the Theory of Triune Continuum
The name of Triune Continuum
Paradigm originates from one of the three theories that were
employed for the paradigm definition, from the theory of Triune
Continuum. This theory was defined in the following PhD thesis:
"Triune Continuum Paradigm: a paradigm for General
System Modeling and its applications for UML and RM-ODP",
Ph.D thesis number 2581, Swiss Federal Institute of Technology -
Lausanne. EPFL, June 2002.
This theory allows for
introduction of abstract ontologies that are formally necessary
and sufficient to cover the modeling scope of different
modeling contexts on the most abstract level. Triune
Continuum Theory introduces three continuums that represent in
models the scope of general system modeling.
The first two continuums are:
continuum (where subjective space-time metrics are defined to be
used in subjective representations);
- constitution continuum (where subjective
constitutional metrics are defined to be used in subjective
representations, e.g. objects that are defined in relation with their
These two continuums are
introduced in relation with each other as complements within the
universal general system modeling scope. In other words:
everything in the scope, which is not space-time, is
constitution; and everything in the scope, which is not
constitution, is space-time.
The third continuum is:
continuum (which emerges from mutual relations of the first
two continuums and contains corresponding information about
these relations, e.g. information about objects and their
environments being related to spatiotemporal intervals or to
points in space-time).
Thus the three continuums are triune
: none of them exist without the others; either the three exist
altogether, or they do not exist at all. Indeed, as soon as the
first (spatiotemporal) continuum is introduced, everything in
universal scope that does not belong to the first continuum
immediately shapes the second (constitution) continuum; and the
third (information) continuum immediately emerges as
information about the mutual relations of the first two
continuums (e.g. as spatiotemporal information about the
The notion of Triune Continuum is
important for various system modeling frameworks, which are used
in diversified domains of human activity (e.g. to analyze, to design
and to develop coherent structures providing useful functionalities
in domains spread from jurisprudence and health care to software
engineering and machine-building industries). Using the notion of
Triune Continuum it is possible to introduce and justify minimal
sets of modeling concepts that are necessary and sufficient
for those diversified frameworks to cover their respective
representation scopes. To
understand these useful implications of the theory of Triune
Continuum you can continue exploring the Triune Continuum Paradigm.
To learn more about the theory of
Triune Continuum (in particular, about the notion of continuum,
about different applications of the theory and their usefulness)
you can read the following publication:
"A report on the Triune Continuum Paradigm and on its
foundational theory of Triune Continuum"; in PHISE'05,
the 1-st International Workshop on Philosophical Foundations of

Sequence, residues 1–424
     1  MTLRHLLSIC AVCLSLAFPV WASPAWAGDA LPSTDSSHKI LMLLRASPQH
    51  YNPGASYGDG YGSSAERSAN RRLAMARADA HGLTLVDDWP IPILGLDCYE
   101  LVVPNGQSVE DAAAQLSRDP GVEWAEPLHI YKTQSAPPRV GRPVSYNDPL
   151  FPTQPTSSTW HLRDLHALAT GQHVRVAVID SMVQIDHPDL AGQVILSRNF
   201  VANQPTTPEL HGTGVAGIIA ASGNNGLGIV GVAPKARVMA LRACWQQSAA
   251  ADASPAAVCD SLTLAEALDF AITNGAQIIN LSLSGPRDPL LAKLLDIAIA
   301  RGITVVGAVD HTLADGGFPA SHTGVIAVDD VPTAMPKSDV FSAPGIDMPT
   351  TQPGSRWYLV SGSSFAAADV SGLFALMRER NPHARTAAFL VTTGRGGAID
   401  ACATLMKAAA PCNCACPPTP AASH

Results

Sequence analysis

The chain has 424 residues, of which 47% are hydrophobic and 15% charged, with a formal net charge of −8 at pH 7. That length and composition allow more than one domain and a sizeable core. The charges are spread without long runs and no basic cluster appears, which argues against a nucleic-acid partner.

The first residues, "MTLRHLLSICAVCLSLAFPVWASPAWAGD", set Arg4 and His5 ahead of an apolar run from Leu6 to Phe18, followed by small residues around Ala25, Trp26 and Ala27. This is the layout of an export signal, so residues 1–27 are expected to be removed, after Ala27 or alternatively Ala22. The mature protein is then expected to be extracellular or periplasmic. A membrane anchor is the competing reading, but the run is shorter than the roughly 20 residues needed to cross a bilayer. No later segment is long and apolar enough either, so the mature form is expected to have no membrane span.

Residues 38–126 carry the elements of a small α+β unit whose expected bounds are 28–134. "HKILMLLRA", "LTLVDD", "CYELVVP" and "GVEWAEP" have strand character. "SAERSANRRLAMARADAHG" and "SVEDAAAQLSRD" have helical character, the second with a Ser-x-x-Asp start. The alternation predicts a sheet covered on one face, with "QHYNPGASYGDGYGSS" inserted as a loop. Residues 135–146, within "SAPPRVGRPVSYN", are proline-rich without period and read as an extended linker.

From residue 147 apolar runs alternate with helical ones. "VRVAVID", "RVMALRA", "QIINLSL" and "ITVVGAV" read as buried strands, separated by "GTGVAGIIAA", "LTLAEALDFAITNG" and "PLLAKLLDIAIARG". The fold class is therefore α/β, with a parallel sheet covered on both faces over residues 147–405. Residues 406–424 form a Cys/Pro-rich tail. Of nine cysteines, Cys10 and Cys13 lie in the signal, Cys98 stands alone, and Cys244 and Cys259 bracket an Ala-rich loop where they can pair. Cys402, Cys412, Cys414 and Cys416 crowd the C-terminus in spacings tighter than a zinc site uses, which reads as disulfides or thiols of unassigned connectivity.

Information Systems Engineering. Proceedings of the CAiSE'05
Workshops, Vol. 2, pp. 439-450; J. Castro, E. Teniente (Eds.);
Porto, Portugal, June 2005. FEUP edições. ISBN 972-752-077-4.
About the Triune Continuum logotype
Triune Continuum logotype
represents the idea of Triune Continuum that was described above
on this page.
In the Triune Continuum logotype
the three smaller circles, positioned within the bigger circle,
represent the three continuums introduced by the theory. The
black and the white circles represent the first two continuums
(spatiotemporal and constitution) that are introduced as
complements to each other. That is to say, “everything in
the scope, which is not space-time, is constitution; and
everything in the scope, which is not constitution, is space-time”
– is represented by the black and the white circles that make
sense only on the white and the black backgrounds respectively.
The third circle, showing Taoist symbol of yin-yang, stands
for the third (information) continuum, the continuum that
represents information about mutual relations of the first
two continuums. The color strips of spectral decomposition of
white light in the background with an unlimited number of their
nuances symbolize the unlimited richness of information that can
be represented by means of the three continuums.
Taoist symbol of yin-yang in
the Triune Continuum logotype is a tribute to the Taoist
philosophy that generalizes the idea of Triune Continuum in its
principal book “Tao Te Ching” by Lao Tsu (604-531 BC) as
The Tao begot one.
One begot two.
Two begot three.
And three begot the ten thousand things.
Lao Tsu (604-531 BC)
"Tao Te Ching", Chapter 42.
Indeed, in our case:
“The Tao begot one.” – stands
for: Universal scope allows for modeling.
“One begot two.” – stands for:
Modeling intrinsically assumes two essences: space-time
and model constitution (hence the first two continuums).
“Two begot three.” – stands for:
From space-time and model constitution necessarily emerges information
about their mutual relation (hence the third continuum).
“And three begot the ten thousand
things.” – stands for: Information about mutually related
space-time and model constitution is unlimitedly rich.
return to the Triune Continuum
Paradigm page >>